DAVID MOYES could be forgiven if, even just for a moment, he shudders as he arrives at Bolton’s Reebok Stadium today.

And not because of the ongoing sub-arctic temperatures which are gripping the UK either.

The Blues boss won’t need any reminding that it was the scene of one of the most abysmal Everton performances he has presided over.

His side had slumped to a lifeless 2-0 defeat in February 2011 at a rain-lashed Reebok, as goals from Gary Cahill and Daniel Sturridge left them facing a potential relegation scrap and Moyes, rarely one for over-reaction, was left (in the word’s of Alan Partridge) feeling “clinically fed up”.

“The performance was as bad as I can remember since I have been in charge,” he told the press afterwards with a face which failed to conceal his mixture of fury and disappointment.

“We never started well and gave away two very poor goals and we didn’t win the big challenges.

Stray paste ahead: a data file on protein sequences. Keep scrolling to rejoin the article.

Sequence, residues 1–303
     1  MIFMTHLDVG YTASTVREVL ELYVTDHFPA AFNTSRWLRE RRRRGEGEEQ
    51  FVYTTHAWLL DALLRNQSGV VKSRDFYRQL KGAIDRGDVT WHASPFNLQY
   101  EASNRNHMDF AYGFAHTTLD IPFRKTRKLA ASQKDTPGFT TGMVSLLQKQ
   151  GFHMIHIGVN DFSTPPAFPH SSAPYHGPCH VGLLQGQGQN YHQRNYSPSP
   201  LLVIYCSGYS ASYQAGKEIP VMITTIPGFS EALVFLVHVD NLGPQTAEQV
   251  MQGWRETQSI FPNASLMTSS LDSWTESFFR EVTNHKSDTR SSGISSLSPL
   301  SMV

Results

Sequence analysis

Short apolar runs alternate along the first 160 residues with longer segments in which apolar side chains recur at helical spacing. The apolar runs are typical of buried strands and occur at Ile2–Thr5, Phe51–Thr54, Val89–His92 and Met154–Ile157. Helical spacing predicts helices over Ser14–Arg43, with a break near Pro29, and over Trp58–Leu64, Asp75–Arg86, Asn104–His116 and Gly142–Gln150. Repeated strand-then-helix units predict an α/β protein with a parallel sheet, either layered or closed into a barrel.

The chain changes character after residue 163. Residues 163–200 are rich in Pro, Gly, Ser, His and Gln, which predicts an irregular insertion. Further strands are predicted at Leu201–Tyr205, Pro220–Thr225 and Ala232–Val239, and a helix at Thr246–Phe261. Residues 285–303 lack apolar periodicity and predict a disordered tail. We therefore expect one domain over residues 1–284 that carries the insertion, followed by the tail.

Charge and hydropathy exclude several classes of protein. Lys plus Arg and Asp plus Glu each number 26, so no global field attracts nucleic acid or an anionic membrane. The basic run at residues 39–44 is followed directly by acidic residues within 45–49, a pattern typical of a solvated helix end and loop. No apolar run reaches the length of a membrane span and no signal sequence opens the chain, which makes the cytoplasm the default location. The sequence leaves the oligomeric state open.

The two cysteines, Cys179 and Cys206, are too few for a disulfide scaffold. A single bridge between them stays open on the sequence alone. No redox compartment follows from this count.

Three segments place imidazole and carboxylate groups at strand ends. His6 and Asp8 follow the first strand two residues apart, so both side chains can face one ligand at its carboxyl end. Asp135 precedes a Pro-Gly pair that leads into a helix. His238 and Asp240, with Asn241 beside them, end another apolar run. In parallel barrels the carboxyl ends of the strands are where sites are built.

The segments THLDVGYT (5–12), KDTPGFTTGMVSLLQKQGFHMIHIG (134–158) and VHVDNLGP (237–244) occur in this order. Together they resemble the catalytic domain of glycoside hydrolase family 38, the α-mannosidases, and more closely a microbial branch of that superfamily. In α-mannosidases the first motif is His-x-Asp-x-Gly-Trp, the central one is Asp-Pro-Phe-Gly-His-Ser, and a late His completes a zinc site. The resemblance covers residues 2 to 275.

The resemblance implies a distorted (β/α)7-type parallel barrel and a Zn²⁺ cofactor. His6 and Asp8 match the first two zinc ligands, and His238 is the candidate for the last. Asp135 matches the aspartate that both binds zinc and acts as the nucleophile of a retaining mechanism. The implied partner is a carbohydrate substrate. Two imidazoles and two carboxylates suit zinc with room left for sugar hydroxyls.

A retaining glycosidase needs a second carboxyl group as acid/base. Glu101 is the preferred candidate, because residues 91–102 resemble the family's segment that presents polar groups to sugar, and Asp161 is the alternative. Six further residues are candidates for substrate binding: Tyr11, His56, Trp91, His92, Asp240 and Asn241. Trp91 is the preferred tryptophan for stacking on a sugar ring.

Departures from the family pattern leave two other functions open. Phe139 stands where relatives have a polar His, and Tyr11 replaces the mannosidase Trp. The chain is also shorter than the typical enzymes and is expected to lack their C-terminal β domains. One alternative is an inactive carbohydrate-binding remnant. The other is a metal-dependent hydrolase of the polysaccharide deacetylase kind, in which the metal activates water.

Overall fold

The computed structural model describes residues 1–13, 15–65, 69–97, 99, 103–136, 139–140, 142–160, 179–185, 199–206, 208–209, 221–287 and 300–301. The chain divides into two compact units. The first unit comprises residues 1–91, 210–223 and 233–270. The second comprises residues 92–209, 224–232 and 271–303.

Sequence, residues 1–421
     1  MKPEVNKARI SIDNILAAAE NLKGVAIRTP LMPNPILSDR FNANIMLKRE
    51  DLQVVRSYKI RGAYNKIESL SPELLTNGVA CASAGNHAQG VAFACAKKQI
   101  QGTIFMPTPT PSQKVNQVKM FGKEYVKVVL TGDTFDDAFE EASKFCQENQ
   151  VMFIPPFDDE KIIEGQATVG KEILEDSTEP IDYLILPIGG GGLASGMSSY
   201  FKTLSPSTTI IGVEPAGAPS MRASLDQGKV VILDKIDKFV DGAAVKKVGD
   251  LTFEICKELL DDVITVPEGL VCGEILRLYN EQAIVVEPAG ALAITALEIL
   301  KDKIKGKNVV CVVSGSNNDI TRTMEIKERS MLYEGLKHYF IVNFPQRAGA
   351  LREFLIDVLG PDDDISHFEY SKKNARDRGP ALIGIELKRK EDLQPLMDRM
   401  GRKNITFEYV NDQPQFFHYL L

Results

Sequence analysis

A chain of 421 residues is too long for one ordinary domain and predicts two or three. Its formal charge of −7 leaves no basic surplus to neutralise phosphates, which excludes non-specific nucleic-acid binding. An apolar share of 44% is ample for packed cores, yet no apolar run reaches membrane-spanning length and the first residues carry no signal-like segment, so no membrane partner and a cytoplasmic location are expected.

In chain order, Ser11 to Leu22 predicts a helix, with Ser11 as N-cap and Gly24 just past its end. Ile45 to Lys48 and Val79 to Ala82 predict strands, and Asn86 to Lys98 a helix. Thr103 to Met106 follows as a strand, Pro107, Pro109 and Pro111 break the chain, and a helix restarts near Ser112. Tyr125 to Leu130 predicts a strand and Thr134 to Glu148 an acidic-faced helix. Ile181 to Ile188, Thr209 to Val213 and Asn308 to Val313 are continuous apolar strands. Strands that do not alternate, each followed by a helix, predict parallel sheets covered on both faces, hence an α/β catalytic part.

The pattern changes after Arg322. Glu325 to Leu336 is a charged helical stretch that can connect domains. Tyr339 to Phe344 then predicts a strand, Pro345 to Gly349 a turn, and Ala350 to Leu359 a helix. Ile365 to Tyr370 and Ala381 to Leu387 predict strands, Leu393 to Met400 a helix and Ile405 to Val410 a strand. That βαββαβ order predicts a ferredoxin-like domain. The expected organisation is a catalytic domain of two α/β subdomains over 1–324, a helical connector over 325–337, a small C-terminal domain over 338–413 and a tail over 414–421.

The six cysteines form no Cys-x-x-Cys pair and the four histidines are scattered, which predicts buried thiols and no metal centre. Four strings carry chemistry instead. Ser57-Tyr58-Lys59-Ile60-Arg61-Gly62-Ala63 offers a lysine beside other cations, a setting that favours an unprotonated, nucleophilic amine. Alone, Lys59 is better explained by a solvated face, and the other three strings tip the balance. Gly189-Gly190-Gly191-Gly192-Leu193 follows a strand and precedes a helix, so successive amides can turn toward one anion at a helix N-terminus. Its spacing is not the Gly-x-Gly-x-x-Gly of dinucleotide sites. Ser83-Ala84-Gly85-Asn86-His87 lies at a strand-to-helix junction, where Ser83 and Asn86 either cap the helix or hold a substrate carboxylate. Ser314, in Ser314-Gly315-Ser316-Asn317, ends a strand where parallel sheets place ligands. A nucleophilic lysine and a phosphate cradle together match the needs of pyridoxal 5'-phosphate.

“We didn’t function today. The sort of toughness we have, which was required, just wasn’t there.”

The words were all the more powerful because similarly harsh assessments from the Scot are so rare, and in truth so rarely needed.

Even when his team have not won over the years, it is usually unthinkable that they have done so without at least putting up a fight or showing the hunger that flows through the veins of their ceaselessly demanding manager.

That’s why – as the Blues arrive in Lancashire this afternoon on the back of a particularly poor display on Monday – it’s vital that a healthy dose of perspective is applied.

The goalless draw at Southampton was unquestionably poor – if anything at least, the first half ensured that the rest of the country are unlikely to consider Everton as Champions League dark horses any longer thus maybe lessening the pressure on them.

But it was not in the same bracket of woefulness as that rainy Sunday almost two years ago. Since then equivalent off-days have been such a scarcity that displays like Monday’s hurt supporters more, but that in itself underlines how far the Blues have come.

They may have a small squad which is at full stretch prioritising the FA Cup and the top four, but with injured key men edging back and the festive glut out of the way there is plenty to remain optimistic about.